Barbara Shepherd came to Australia with her parents when she was eight years old, from Perth, Scotland. In the article ‘Old Marulan Identity …Memories of Bygone Days’ -” I remember when Goulburn was only a tiny village and Marulan a little collection of huts” – she says

John McGaw 1832-1894 – Large numbers of Scot (and Irish) migrated to South America. Four McGaw brothers, Peter, James, Alexander and Robert, went to Argentina

A Colonial Thesaurus a guide to outdated terms and occupations, convicts and colonial slang in early Australia.

TIMESPAN    Nepean F H S June 2020                                                                   

Stephen Roots and Bee Stealing!!  not only bee stealing, shoplifting, and court cases, these pages give a family history story as well jgs

Daniel Stephen Upton, Farmer and Carrier of Emu Ferry “Daniel was born in Windsor in 1832 – his father established a business at the Wheatsheaf Hotel there – Daniel married Jane, who was the sister of his father’s third wife – they had eight daughters – a very interesting family tale jgs

The Other Woman – “the mourners had all left, it had been so sad that because Old Sid had died at his son’s place in the country, none of his old friends had been there to see him off -Towle’s death.

COVID-19 Lockdown and Anzac Day 2020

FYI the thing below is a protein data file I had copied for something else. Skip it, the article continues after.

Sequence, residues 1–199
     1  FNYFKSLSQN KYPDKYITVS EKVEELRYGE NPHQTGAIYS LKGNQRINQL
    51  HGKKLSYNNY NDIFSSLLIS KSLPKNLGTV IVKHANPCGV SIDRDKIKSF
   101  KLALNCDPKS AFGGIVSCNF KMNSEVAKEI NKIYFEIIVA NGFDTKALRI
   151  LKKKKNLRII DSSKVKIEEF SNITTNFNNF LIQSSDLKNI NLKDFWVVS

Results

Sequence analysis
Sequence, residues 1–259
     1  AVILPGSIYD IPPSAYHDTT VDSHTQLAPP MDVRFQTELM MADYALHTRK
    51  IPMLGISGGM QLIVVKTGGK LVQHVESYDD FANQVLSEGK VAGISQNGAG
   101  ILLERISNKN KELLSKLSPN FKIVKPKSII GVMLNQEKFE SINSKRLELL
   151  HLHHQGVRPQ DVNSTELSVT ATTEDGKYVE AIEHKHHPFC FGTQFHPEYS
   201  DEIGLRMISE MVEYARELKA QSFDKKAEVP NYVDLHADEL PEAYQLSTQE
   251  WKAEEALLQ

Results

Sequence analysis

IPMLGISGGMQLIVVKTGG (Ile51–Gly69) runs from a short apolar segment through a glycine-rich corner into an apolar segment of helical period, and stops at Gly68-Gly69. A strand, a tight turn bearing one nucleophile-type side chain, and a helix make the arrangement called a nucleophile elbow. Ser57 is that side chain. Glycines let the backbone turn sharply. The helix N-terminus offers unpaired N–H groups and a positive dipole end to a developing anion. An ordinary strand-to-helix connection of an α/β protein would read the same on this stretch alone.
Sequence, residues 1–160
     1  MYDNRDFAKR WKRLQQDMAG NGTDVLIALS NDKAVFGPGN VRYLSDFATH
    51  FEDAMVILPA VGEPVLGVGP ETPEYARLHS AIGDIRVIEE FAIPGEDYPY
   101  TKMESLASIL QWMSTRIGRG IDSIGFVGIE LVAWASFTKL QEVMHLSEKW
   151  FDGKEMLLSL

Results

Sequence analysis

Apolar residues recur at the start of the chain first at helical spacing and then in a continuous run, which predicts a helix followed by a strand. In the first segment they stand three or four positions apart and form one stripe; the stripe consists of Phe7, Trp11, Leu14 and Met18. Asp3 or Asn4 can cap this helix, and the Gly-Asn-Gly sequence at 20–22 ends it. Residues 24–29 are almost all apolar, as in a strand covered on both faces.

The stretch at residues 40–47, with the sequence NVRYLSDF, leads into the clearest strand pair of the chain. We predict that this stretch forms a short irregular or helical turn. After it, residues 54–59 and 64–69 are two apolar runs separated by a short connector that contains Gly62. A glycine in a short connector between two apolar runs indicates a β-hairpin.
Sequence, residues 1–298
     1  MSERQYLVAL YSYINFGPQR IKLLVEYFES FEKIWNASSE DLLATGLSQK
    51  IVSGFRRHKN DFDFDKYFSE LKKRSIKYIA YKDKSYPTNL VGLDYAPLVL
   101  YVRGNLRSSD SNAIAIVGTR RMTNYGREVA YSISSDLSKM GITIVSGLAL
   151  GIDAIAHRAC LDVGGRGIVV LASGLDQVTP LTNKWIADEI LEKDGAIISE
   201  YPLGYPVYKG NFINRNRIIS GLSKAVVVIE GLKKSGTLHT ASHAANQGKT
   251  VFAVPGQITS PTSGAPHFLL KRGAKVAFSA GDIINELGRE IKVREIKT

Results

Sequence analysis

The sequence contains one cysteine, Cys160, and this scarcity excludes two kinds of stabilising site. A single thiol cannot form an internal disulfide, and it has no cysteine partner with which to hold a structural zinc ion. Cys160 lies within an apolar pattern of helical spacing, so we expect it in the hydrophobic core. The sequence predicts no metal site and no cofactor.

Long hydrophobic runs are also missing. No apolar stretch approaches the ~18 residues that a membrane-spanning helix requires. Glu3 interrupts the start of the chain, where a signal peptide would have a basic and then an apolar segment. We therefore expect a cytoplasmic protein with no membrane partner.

My Great Grandparents, William Stone and Margaret McKitt – William Stone was born 1859 at Castlereagh. His parents had not so long arrived in Castlereagh after the long trek from Adelaide. The land had been granted to his great grandfather

The SOUTH AUSTRALIAN GENEALOGIST May 2020                                      

Rediscovering Treasures – In South Australia – “Why was more information included on SA BDM registrations? [thank Gov. Hindmarsh] “Why are births of children in early Catholic families not registered in civil records? [C.C. refused to comply]  did you know this? jgs

Looking forward, looking back – the story of The Boltons – a family of male children, male grandchildren, and male great grandchildren!

Carl Linger and August and Matilde Cranz: early South Australian musicians – “Mrs Carl Linger, wife of the musician and composer Carl Linger who created “Song of Australia” – “The concert given by Herr A F Cranz in the Exchange last evening was very well attended – Madame Cranz was most favourably received, and by her brilliant execution of very difficult music, well won the plaudits liberally bestowed upon her.”  and another accolade – “Madame Cranz’s Concert – musical entertainments, especially those of the better sort, have lately been rare occurrences in Adelaide; but we believe the lovers of the Divine Art may promise themselves a treat of no ordinary kind tomorrow evening”  very interesting story of a musical family: wish I could have been there for the music!!

Those Bloody Irish – Development of the Irish Born South Australian database.  Issues found – Checking – The Process

My Devonshire Landed Gentry – The Hamlyn Family…full story with the family tree shown.

From Prussia and Bohemia to South Australia – Why, When, How? – “they sailed to South Australia between 1838 and 1877 – they sought land to farm.

DNA matches through Ancestry helped discover family history….

In Search of my Grandfather: Major AEM Norton DSO – His early life – outbreak of war – the war – his reception in Australia – the writer’s research

Personal Coats of Arms of some Roman Catholic bishops in the Territory of Oceania – diagrams and descriptions – a considerable piece of writing  jgs

More Snippets to come. keep well, keep safe